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SANS NewsBites is a semiweekly high-level executive summary of the most important news articles that have been published on computer security during the last week. Each news item is very briefly summarized and includes a reference on the web for detailed information, if possible.

Spend five minutes per week to keep up with the high-level perspective of all the latest security news. New issues are delivered free every Tuesday and Friday.

Volume XI - Issue #78

October 02, 2009

*One of the two best free government security conferences in the Washington area starts in less than four weeks. I understand there are only about 220 seats left so if you want one, register in the next week or so at **.

Bring a couple of co-workers because youll want to be in several sessions at the same time. It is the Security Automation Conference developed by NSA and NIST, and it is where youll see the future of government security automation automation that will quickly spread to the defense industrial base and the critical infrastructure and banks. There are tracks on risks and mitigations in cloud computing, network monitoring/auditing/logging, DoD infrastructure/tools/trends and S-CAP (the security interoperability standard that will become mandatory shortly).

The conference is Oct 27-28 (if your time is short youll get maximum value if you come from noon Oct 27 through the full day on Oct 28). There are also workshops Oct 26 and 29; not SANS courses but a couple look useful. And it is all free at the Baltimore Convention Center.



US Army Data Leaked Through P2P Networks
Survey: US Consumers Do Not Want Behavioral Advertising
Court Vacates TRO Against Google; Misdirected eMail Was Never Opened


PayChoice Breach
Spammers Break Facebook CAPTCHA
BT Resisting BPI's Demand to Act on List of Suspect IP Addresses
Peer-to-Peer Legislation Passes in Committee
Express Scripts Notifies 700,000 of Data Security Breach
Microsoft Security Essentials Not Available to Pirates
Two Men Extradited to Face Charges in Phishing Case
URLZone Trojan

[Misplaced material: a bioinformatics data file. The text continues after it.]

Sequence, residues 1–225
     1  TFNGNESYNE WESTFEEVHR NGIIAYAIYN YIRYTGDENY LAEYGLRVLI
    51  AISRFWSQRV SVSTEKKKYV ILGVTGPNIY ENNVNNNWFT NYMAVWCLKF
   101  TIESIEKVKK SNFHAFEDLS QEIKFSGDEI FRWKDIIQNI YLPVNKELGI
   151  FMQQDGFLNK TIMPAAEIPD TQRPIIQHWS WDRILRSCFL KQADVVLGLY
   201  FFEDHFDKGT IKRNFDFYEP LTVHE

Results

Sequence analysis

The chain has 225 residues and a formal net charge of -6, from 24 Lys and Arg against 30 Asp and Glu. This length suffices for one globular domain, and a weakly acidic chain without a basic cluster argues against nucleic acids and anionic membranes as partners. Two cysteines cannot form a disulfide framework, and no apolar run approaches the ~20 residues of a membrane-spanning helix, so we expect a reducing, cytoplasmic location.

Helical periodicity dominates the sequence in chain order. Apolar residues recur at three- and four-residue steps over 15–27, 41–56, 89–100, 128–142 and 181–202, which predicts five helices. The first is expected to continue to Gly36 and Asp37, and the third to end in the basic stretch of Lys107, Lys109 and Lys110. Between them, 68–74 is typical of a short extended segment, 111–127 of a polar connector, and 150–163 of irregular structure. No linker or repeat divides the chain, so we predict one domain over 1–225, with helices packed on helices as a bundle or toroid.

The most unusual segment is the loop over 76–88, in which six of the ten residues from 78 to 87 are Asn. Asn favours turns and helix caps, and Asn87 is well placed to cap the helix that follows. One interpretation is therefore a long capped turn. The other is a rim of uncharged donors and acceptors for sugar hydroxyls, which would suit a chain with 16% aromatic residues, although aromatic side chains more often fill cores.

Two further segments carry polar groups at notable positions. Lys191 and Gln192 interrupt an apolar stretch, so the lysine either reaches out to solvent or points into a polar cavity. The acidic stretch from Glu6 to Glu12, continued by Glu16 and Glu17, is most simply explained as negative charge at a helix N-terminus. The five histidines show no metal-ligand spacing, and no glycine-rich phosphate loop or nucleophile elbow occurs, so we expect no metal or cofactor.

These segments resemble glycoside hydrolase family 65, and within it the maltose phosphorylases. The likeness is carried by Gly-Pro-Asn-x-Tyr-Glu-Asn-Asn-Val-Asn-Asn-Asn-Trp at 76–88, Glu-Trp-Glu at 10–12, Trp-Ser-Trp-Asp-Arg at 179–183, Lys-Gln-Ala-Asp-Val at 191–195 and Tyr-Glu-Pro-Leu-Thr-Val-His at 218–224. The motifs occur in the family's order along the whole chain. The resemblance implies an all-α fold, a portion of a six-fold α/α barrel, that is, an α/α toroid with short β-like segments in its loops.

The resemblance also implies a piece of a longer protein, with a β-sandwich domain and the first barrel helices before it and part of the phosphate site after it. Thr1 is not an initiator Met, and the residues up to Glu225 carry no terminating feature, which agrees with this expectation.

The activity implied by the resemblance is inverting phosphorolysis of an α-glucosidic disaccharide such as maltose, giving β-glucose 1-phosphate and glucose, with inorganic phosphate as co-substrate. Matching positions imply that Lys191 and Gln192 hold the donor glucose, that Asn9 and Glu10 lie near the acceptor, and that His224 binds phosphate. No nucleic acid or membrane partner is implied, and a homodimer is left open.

Google Case Guest Editor Analysis: William Hugh Murray

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US Army Data Leaked Through P2P Networks (October 2, 2009)

The Washington Post reports that personal data of US soldiers are being leaked through peer-to-peer (P2P) file-sharing programs. The data are being downloaded by users in China, Pakistan and other countries. The information includes Social Security numbers, blood types and names of family members. P2P software has been banned by the Army since 2003 and by the Pentagon since 2004. An Army Special operations Command spokesperson said the leak was an isolated incident and that those responsible had been punished.

Survey: US Consumers Do Not Want Behavioral Advertising (September 30 & October 1, 2009)

A study conducted jointly by the University of Pennsylvania and the University of California, Berkeley Center for Law and Technology found that US Internet users object to behavioral advertising. Sixty-six percent of respondents do not want advertising targeted to their perceived interests. Nearly 70 percent of respondents said there should be a law granting Internet users the right to know exactly what information is collected from them online. Ninety-two percent said they would be in favor of a law that would require websites and advertising companies to delete all information held about consumers at the consumers' request.


Editor's Note (Pescatore): Look, on radio and TV we all get behavioral advertising all the time. The commercials during Desperate Housewives aren't for 2 ton pickup trucks, and the ones during the Ultimate Fighting Championships aren't for Manolo Blahnik shoes. The real issue is information being collected without the user's prior knowledge and consent - that should change. I know - we could call it "opt-in"! ]

Court Vacates TRO Against Google; Misdirected eMail Was Never Opened (September 29 & 30, 2009)

A court has granted a joint motion to dismiss a case brought by Rocky Mountain Bank against Google. The bank originally filed suit seeking to compel Google to provide information about a Gmail account holder who had been inadvertently sent confidential bank information. On Friday, September 25, the bank obtained a temporary restraining order (TRO) that demanded Google deactivate the unknown user's account, delete the message that had been sent in error, disclose whether or not the account was active and if it was, disclose the account holder's identity. It now appears that the message was never opened; it has been deleted and the Gmail account has been reactivated.


[Editor's Note (Schultz): In these perilous political times, overreaction abounds, and legal issuesinvolving Internet service providers seem to be no exception to the rule. ]

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PayChoice Breach (October 1, 2009)

The payroll processing company PayChoice has notified its customers that attackers stole login information and passwords of customers and have been using such information in attempts to get more sensitive information from these customers. Some companies that use the PayChoice payroll processing system have received malicious emails telling them they needed to download a web browser plug-in to ensure uninterrupted service to the PayChoice payroll services portal. The plug-in was actually malware that stole user names and passwords. The email messages included information specific to each organization that received them. PayChoice is investigating the breach.



Spammers Break Facebook CAPTCHA (October 1, 2009)